- Randy Pausch - Alice & Panda 3D - next version will include prog from SIM
- rochester
- santa cruz - muppets on the beach ..
- etc etc

SAGE- Ian Parberry U of North Texas

Jim Whitehead - UCSC

Games to learn language
- sony online everquest- french
- alelos tactical Iraqi
- Stanford’s language proof and logic
- sonica spanish

Games for training.
- HAZMAT Hotzone
- America's army
- Full spectrum Warrior
- Close combat
- navy submariner
- cold stone
- flight sim

helth game - snowworld, pain and fear therapy/mitigation (Hunter Haufman/Hofman?)



Key points:

MSR Game Developer Kit V3
Serious games Montreal
GDC SIGGRAPH (sandbox for serious games, games edu)
Serious Games Listserve

3rd Annual Academic Days Gaming in CS feb 28- mar3, 2008

Q from audience: Koster's theory of fun - we find a game fun until we do not learn anymore - isn't serious games then just "sugar to make the medicin go down"? to learn boring stuff in a "fun" environment?
A: Make realistic environments-> learn (for instance languages are best taught in the countries where they speak it)

Research session 5: Psychology (“Mind Games 2”)

Marty Kauhanen & (Robert Biddle) - Carleton university:
Cognitive Dimensions of a Game Scripting Tool

In this paper we show how a heuristic evaluation can be applied to a game scripting tool, using the Cognitive Dimensions of Notations framework. We introduce an end-user development toolset that allows users to create custom modules and content or the popular Neverwinter Nights computer role -playing game. The use of the Cognitive Dimensions of Notations as a discussion aid is illustrated through the examination of the toolset using a select set of dimensions. We comment on the findings, and on the usefulness of this approach to study of game development.

Scripting tool for games
Can we design tools so that non-prog can create programs, games?

[Pratchett, R. 2005]

Serious games
Distil interactive

What makes a good authoring tool
How can we build good authoring tools?

Cognitive dimensions of notations (Blackwell and Green)
- define and compare
- simple examle
- how it is used
- hilight of our analysis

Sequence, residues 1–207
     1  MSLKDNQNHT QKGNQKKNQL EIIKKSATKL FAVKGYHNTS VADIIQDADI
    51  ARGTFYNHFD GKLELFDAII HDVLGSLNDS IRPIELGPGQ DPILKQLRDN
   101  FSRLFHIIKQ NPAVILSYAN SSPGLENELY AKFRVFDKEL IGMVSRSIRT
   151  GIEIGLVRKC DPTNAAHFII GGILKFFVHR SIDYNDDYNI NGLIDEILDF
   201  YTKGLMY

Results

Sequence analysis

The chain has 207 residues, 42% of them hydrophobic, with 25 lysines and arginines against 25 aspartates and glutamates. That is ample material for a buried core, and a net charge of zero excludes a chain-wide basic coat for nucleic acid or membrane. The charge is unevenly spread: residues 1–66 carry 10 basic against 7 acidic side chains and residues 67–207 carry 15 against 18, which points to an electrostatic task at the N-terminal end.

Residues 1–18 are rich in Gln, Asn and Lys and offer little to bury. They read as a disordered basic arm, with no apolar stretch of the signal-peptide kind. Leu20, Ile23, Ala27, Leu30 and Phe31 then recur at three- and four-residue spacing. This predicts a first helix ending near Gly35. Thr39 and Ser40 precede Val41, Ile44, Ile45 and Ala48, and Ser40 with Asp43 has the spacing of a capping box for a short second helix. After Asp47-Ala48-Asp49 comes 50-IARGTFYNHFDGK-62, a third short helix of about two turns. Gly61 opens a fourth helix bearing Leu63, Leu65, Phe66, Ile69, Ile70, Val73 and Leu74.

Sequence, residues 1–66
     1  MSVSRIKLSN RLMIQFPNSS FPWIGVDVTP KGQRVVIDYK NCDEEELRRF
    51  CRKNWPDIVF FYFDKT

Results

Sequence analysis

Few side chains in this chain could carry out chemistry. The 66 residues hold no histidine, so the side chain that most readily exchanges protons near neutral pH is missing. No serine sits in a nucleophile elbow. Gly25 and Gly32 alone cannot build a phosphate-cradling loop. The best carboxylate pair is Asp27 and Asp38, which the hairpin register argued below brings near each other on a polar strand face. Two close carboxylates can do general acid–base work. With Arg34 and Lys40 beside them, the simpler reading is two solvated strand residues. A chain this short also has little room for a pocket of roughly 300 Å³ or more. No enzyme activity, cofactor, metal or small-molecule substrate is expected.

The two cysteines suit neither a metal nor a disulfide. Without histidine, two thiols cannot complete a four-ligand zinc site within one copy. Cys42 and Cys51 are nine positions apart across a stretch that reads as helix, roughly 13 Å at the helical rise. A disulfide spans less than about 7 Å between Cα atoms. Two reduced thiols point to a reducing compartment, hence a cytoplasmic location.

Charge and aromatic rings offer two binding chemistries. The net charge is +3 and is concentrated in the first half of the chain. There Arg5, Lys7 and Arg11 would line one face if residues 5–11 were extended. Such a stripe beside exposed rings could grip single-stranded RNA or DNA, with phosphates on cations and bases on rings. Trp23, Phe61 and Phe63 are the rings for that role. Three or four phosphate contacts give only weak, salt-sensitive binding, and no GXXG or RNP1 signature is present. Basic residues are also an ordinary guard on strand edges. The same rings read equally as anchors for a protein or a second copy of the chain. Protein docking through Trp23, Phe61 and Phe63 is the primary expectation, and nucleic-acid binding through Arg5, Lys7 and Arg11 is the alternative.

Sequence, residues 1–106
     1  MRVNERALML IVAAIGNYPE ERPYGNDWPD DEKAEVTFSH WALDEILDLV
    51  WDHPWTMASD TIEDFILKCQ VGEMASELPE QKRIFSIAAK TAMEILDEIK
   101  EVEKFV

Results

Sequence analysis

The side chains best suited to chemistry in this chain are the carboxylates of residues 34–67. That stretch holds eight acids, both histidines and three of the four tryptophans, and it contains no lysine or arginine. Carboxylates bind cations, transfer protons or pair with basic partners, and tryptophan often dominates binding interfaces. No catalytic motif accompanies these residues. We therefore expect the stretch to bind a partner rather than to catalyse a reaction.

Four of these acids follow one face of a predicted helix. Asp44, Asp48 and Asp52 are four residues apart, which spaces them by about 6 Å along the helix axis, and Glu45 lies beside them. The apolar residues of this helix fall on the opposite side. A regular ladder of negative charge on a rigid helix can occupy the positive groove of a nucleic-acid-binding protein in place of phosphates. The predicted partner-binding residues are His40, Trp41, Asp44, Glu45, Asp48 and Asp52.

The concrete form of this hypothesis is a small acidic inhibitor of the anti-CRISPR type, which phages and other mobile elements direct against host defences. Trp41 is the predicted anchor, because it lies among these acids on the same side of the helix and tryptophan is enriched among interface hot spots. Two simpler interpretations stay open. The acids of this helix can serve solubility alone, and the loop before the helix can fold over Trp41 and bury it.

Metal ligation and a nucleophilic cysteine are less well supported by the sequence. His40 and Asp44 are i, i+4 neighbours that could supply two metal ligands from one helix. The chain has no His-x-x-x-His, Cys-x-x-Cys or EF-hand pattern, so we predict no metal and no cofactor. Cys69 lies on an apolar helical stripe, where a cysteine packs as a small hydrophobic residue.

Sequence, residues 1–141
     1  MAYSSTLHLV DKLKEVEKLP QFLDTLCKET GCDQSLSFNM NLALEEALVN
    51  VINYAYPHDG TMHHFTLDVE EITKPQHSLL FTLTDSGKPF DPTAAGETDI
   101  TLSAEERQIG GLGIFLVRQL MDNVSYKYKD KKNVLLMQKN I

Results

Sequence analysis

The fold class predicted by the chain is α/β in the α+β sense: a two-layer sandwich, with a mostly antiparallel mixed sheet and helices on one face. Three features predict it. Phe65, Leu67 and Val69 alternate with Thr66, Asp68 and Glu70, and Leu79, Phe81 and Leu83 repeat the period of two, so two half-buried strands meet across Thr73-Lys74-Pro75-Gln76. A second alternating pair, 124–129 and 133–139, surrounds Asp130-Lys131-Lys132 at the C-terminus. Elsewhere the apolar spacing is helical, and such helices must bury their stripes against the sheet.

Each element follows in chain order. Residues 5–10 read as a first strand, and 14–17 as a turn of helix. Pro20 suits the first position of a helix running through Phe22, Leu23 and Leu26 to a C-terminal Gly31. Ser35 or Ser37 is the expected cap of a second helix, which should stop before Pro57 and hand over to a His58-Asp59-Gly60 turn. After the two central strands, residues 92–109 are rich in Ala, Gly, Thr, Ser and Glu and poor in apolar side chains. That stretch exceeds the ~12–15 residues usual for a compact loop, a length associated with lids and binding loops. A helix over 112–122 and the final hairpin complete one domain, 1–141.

Premature commitment -
workarounds: decoupling, ...

Framework (result):
- goal
- games as scripts
- work structure
- cognitive dimensions of notations
- contextual design
- interaction pattern language

Janne Paavilainen & Annakaisa Kultima: Casual Game Discussion

Digital games have become a remarkable cultural phenomenon in the last ten years. The casual games sector especially has been growing rapidly in the last few years. However, there is no clear view on what is “casual” in games cultures and the area has not previously been rigorously studied. In the discussions on casual games, “casual” is often taken to refer to the player, the game or the playing style, but other factors such as business models and accessibility are also considered as characteristic of “casual” in games. Views on casual vary and confusion over different meanings can lead to paradoxical readings, which is especially the case when “casual gamer” is taken to mean both “someone who plays casual games” and someone who “plays casually”. In this article we will analyse the ongoing discussion by providing clarification of the different meanings of casual and a framework for an overall understanding of casual in the level of expanded game experience.

Gamespace project
Study of design and evaluation methods for casual multiplayer mobile games
Design ideas
- idea generation techniques, prototyping methods, design guidelines
- how evaluate?

Casual games are...
- easy to learn, difficult to master, non-violent... e.g. tetris, spider, bejeweled, solitaire, minesweeper, ... wow? Can it be any game?
players: women, new demographics, "don't regard themselves as gamers,
playing: at work, on breaks, mental exercise, stress relief, ...

{How do they define a casual game?}

not belong to any spec genre- can be any type of game